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I have come across this image that's labelled a bump map to be used with a 3D model. It looks like this:

enter image description here

In this map, which is an RGB map, it seems we have pixels whose normals face upwards shaded lighter, and normals pointing downward shaded darker. I have isolated just one part of this map, a little mound with a whole in the middle:

enter image description here

I've tried to recreate this shape in an image editing program just using white colour for height, it's essentially a heightmap, or bumpmap. It looks like this:

enter image description here

It's basically a circular mound that rises gradually, and then falls off steeply into a hole.

So I know that this is one way normals and height can be stored. This is essentially a heightmap, but some people and programs call this a bumpmap. In 3DS Max the bumpmap essentially expects a heightmap.

Then there's the normal map, which looks like this:

enter image description here

Inside the red channel the information about how flat or inclined the surface is from left to right:

enter image description here

And same as in the green, except from up to down:

enter image description here

So I understand this, I think. However in the original image, this strange "bumpmap", it only seems to contain the information of the flatness of the surface from up to down, not left to right. What I've shown is how it appears as an RGB image. Here is each of the channels:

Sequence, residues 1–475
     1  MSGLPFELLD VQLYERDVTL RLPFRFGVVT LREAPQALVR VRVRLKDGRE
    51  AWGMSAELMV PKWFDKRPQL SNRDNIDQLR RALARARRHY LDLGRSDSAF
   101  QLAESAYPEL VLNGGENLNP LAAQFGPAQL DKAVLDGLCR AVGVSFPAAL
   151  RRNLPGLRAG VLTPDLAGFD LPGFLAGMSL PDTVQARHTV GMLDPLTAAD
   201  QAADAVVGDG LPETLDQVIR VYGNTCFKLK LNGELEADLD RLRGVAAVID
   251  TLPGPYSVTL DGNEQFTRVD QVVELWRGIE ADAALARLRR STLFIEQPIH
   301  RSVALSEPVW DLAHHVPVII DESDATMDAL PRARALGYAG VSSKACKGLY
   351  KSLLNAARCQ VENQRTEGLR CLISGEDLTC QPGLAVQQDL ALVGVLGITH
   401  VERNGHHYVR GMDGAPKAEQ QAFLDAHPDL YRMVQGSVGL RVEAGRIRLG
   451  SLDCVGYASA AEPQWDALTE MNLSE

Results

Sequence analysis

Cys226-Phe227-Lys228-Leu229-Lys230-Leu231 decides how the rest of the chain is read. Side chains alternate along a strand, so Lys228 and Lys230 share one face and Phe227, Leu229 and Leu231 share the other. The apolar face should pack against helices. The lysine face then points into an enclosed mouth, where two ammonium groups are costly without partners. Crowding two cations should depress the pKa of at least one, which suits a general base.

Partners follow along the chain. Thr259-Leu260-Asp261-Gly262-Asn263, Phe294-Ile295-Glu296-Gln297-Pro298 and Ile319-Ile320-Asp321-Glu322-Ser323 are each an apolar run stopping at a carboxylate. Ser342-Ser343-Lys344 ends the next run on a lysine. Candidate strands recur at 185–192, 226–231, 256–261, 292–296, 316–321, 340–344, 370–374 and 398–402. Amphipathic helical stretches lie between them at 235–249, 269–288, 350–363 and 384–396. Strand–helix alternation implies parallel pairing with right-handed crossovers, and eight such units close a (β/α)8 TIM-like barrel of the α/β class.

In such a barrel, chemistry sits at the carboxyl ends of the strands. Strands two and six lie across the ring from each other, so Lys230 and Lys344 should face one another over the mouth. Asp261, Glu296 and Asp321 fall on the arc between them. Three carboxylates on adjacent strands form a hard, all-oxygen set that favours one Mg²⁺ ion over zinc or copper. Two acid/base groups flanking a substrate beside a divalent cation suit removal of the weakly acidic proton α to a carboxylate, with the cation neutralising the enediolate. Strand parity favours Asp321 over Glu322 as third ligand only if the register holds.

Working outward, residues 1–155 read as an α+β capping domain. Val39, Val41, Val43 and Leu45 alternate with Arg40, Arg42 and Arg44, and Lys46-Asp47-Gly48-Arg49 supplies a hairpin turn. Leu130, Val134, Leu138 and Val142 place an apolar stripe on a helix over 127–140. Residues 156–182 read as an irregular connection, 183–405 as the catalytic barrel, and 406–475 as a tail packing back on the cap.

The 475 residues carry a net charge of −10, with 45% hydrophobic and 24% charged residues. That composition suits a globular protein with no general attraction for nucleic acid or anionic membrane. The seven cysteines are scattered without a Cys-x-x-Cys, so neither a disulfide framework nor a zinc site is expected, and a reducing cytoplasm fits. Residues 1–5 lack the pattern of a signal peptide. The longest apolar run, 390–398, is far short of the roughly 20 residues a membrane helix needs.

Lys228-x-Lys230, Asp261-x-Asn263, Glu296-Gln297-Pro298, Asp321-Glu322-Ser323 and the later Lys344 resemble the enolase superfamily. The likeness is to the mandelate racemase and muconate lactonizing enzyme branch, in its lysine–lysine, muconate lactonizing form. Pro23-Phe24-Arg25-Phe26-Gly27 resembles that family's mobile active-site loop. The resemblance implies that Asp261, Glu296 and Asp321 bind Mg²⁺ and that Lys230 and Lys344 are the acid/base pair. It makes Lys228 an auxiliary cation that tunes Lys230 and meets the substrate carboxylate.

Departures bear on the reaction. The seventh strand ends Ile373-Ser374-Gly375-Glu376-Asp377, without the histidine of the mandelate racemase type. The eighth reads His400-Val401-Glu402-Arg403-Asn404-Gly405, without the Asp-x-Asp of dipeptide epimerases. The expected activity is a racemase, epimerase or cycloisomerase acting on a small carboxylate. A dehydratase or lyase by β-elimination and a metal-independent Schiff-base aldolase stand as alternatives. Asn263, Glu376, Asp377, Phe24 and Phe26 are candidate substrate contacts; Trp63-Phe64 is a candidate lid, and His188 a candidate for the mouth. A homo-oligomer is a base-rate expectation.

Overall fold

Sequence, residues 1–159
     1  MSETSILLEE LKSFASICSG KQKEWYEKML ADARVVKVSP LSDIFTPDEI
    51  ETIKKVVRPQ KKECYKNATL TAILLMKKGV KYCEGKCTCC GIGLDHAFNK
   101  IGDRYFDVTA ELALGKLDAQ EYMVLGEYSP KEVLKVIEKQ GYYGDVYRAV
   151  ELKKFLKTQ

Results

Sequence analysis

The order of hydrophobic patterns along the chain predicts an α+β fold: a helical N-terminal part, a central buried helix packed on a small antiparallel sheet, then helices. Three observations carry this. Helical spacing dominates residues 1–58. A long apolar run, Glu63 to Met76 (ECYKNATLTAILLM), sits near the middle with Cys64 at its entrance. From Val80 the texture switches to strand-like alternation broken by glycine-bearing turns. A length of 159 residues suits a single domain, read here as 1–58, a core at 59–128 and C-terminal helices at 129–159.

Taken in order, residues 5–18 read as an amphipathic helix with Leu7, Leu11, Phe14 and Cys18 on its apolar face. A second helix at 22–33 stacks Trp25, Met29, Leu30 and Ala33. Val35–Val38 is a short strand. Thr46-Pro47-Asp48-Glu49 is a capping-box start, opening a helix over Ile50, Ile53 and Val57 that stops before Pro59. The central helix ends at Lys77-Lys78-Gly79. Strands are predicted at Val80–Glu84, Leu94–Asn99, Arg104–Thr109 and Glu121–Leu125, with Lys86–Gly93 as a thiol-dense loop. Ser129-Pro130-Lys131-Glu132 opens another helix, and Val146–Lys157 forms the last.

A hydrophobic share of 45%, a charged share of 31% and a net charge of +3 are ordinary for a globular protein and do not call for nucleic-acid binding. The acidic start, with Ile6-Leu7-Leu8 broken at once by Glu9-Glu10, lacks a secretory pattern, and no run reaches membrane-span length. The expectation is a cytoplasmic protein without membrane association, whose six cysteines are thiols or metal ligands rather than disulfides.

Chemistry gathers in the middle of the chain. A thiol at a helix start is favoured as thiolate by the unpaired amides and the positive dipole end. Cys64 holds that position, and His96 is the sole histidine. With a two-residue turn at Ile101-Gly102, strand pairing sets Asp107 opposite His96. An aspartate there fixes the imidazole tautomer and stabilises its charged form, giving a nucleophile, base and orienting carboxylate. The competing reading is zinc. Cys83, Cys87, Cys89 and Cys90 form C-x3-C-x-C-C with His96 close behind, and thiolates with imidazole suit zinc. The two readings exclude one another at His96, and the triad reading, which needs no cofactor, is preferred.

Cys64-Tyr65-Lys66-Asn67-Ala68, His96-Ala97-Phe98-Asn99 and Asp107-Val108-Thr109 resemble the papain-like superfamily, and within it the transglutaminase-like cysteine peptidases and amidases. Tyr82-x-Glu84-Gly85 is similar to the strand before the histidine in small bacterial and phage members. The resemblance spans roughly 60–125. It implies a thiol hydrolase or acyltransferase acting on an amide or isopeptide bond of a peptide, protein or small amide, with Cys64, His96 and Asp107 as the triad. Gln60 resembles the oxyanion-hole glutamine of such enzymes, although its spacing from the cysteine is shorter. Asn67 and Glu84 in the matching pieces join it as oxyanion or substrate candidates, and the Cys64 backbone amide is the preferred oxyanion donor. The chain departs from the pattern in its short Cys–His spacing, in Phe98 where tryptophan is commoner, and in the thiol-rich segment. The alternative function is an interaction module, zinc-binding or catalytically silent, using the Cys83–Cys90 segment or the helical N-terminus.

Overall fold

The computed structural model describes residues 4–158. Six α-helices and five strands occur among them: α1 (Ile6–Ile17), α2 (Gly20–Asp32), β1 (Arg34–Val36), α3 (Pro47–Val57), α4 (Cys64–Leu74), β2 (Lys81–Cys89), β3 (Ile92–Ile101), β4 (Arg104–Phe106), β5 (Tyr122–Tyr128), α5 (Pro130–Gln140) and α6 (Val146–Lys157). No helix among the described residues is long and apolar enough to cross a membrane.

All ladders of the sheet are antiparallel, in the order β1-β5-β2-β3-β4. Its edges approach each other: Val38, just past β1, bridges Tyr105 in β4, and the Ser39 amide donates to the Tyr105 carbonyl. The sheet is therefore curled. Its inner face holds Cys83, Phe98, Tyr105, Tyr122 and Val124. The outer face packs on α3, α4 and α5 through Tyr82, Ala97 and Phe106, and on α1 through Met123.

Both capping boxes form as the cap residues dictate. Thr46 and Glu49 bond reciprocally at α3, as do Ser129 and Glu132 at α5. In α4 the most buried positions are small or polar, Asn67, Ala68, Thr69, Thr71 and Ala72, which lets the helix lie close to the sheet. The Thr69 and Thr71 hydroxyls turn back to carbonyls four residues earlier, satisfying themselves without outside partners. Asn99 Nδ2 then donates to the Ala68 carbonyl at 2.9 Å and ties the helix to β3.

enter image description here

enter image description here

enter image description here

They all contain the same information, that is, facing of the surface from up to down.

How is this map supposed work? I've come across a few maps like these but I don't see how they're supposed to work. Can someone explain if this is possible?

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Yeah, that doesn’t look like any bump, height, or normal map I’ve ever seen—as you’ve identified, there’s only information about the surface contour along a single axis. If anything, it looks like it’s meant to be overlaid on a texture as a cheap form of fake bump-mapping in an era where it was too expensive to do it for real.

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  • $\begingroup$ Looks to me like that contains the results of "shaded" a bump map. I suspect you'd need to (a) assume an incoming light direction (b) determine a height map (or a normal map) that then produces that shading given the assumed light direction. That would appear to be a rather underconstrained problem, but I guess you could start by assuming that the largest contiguous area of "constant" colour (well anything in the range 123~127), was of "middle height", and try "flood-filling" outwards and use weighted sums and multiple passes to get it to converge to a solution. $\endgroup$ – Simon F May 13 at 10:14

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